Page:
Ask the US Consul

The U.S. Embassy in Colombo, in collaboration with the Sunday Times in this monthly column "Ask the Consul", provides an opportunity for Sri Lankans interested in visiting, studying, or living in the United States to ask questions about U.S. visas, immigration laws and procedures, and other questions relating to travel to America.

Sri Lankans wishing to apply for U.S. visas often have many questions about the application process and eligibility requirements. Unfortunately, potential applicants are sometimes misled by incorrect information and rumours about eligibility requirements, or about how visas are adjudicated.

This column aims to provide accurate information to better inform visa applicants. Questions concerning all types of visas are welcome, including tourist and student visas, employment visas, and visas for permanent migration. We also welcome questions from American citizens who are interested in petitioning for Sri Lankan relatives to immigrate to the United States.

To submit your question, simply write to or send an email to The Sunday Times at: or

post your query to

'Ask the Consul'
The Sunday Times
No. 8, Hunupitiya Cross Road, Colombo 2.

On the first Sunday of each month the Sunday Times will publish a selection of these questions as well as answers from American Consular officers.

Dear Consul,

Is the US visa (R B1/B2) an entry visa or a stay Visa? Why I ask this is because I intend entering the US when my visa has a two-month validity. But when I leave after a three-month stay, the visa would have expired. Do I have to get a fresh visa for this trip?

Also, I have now got a new passport when my US visa is in the old passport. Is this in order to travel to the US?


Dear Rajan,

The validity period for a visa refers to when it can be used to enter America. It does not refer to how long a person can stay in America. The length of stay is determined by the immigration officer at the port of entry. Therefore, as long as your visa has not expired, you are allowed to travel to America, even if the visa will expire the next day.

When your visa is still valid, but your passport has expired, you do not need to get a new visa. However, you must travel with both your new passport and your expired passport. If you would like a new visa put in your new passport, you must go through the regular procedures to apply for a new visa.

Dear Consul,

I am in the United States on an H4 visa. I arrived here in November 2008. I want my parents to visit me, but when they applied for visas, their applications were refused. The visa officer told them to cancel their Green Card applications and then reapply. I have known cases where people have applied for green cards and still got visitor visas. How can they be denied visitor visas? My parents answered all the questions honestly and confidently.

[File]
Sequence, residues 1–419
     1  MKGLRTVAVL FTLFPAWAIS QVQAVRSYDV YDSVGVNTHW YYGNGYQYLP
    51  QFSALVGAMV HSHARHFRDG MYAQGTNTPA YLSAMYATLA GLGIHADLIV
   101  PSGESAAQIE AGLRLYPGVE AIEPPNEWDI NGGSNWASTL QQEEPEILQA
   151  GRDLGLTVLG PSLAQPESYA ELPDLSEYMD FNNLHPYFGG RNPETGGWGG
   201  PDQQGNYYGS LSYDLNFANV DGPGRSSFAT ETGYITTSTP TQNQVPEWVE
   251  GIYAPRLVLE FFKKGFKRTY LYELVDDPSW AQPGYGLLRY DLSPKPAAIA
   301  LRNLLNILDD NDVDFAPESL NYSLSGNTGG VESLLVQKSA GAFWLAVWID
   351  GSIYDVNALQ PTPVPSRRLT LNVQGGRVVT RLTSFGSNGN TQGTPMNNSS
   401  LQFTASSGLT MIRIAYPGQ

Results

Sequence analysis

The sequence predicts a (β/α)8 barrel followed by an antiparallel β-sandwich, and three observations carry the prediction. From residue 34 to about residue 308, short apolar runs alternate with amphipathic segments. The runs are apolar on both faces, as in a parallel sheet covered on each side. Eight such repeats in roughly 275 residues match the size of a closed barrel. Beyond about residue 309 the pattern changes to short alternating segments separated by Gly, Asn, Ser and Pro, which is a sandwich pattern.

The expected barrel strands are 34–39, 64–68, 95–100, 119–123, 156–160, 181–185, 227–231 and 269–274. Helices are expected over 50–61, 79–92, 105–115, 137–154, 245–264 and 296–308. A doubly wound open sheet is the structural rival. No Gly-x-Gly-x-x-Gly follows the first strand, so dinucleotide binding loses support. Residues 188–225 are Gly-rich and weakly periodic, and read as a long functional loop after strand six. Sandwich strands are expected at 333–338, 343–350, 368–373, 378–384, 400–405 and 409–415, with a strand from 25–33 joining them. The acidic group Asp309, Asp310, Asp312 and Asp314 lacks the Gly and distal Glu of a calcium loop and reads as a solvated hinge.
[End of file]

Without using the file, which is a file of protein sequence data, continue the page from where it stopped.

Can you advise me on how they can be successful in getting their visa as there is no guarantee that they will get it even if they cancel their Green Card applications.


Dear Anonymous,

Among other things, applicants for a visitor visa to America must prove that they intend to leave America at the end of their stay. When a person has a pending application for legal permanent residence in America, it will probably make it very difficult for them to prove that their intention is not to stay in America.

If your parents desire to live in the United States, I would recommend that they not cancel their Green Card applications. Instead, since their visitor visa application has already been refused, it’s best for them to wait until their immigrant visa applications (the first step in getting a Green Card) have been approved.

Dear Consul,

I applied for a student visa recently and the officer refused my visa. I was accepted to a university in America and had a valid I-20. How can the officer refuse my visa if I was already accepted to a university?

A.N.P. Perera

Dear A.N.P. Perera,

There are many people who apply for student visas, who actually have no intention of studying in America. Because of this, visa officers have to look critically at each student visa application. The officer is trying to determine three things: 1) that the person intends to actually study in America; 2) that the person has the financial resources to pay for his education; and 3) that the person intends to leave America at the end of their studies. If the officer is not convinced on all three of these points, he is not allowed to issue a student visa.

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